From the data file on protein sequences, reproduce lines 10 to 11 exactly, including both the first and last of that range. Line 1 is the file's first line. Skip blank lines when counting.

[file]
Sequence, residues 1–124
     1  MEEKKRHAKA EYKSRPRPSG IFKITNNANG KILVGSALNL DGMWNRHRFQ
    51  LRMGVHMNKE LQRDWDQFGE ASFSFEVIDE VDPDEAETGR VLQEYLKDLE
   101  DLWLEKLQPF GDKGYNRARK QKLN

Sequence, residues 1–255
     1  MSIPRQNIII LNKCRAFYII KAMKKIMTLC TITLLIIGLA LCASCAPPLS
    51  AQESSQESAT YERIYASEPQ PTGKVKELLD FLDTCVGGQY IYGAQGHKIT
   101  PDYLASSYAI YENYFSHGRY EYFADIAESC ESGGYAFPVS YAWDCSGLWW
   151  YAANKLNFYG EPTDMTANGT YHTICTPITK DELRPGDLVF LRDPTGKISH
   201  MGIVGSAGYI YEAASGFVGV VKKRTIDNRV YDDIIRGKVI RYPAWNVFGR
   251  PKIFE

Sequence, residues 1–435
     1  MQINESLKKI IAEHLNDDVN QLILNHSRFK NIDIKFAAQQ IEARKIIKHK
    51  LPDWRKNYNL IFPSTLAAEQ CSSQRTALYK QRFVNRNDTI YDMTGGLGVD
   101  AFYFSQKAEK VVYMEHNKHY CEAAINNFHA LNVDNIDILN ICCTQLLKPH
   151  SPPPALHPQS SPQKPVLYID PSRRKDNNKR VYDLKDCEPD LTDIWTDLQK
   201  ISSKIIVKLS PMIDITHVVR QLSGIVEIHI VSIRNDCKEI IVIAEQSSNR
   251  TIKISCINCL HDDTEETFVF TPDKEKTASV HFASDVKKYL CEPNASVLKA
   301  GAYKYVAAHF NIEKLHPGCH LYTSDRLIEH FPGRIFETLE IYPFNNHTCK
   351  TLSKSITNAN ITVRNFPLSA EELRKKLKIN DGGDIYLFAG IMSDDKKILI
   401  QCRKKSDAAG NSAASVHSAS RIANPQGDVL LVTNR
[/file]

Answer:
   201  MGIVGSAGYI YEAASGFVGV VKKRTIDNRV YDDIIRGKVI RYPAWNVFGR
   251  PKIFE